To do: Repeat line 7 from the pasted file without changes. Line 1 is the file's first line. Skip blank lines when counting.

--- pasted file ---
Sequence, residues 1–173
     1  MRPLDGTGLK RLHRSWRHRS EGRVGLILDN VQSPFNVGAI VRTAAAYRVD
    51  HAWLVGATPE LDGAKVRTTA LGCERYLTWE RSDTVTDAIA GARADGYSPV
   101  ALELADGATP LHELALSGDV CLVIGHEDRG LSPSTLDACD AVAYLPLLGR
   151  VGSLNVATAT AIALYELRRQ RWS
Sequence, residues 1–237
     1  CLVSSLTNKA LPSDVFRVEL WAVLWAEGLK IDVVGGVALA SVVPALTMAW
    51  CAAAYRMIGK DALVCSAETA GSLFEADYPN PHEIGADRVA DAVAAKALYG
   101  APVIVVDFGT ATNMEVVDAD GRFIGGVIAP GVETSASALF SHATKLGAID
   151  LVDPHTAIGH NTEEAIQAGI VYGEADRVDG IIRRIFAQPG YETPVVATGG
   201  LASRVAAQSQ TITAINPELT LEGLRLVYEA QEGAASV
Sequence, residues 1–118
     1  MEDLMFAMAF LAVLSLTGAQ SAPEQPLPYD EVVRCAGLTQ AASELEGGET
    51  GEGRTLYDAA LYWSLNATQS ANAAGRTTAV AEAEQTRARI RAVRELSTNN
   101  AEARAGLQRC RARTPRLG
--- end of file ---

     1  CLVSSLTNKA LPSDVFRVEL WAVLWAEGLK IDVVGGVALA SVVPALTMAW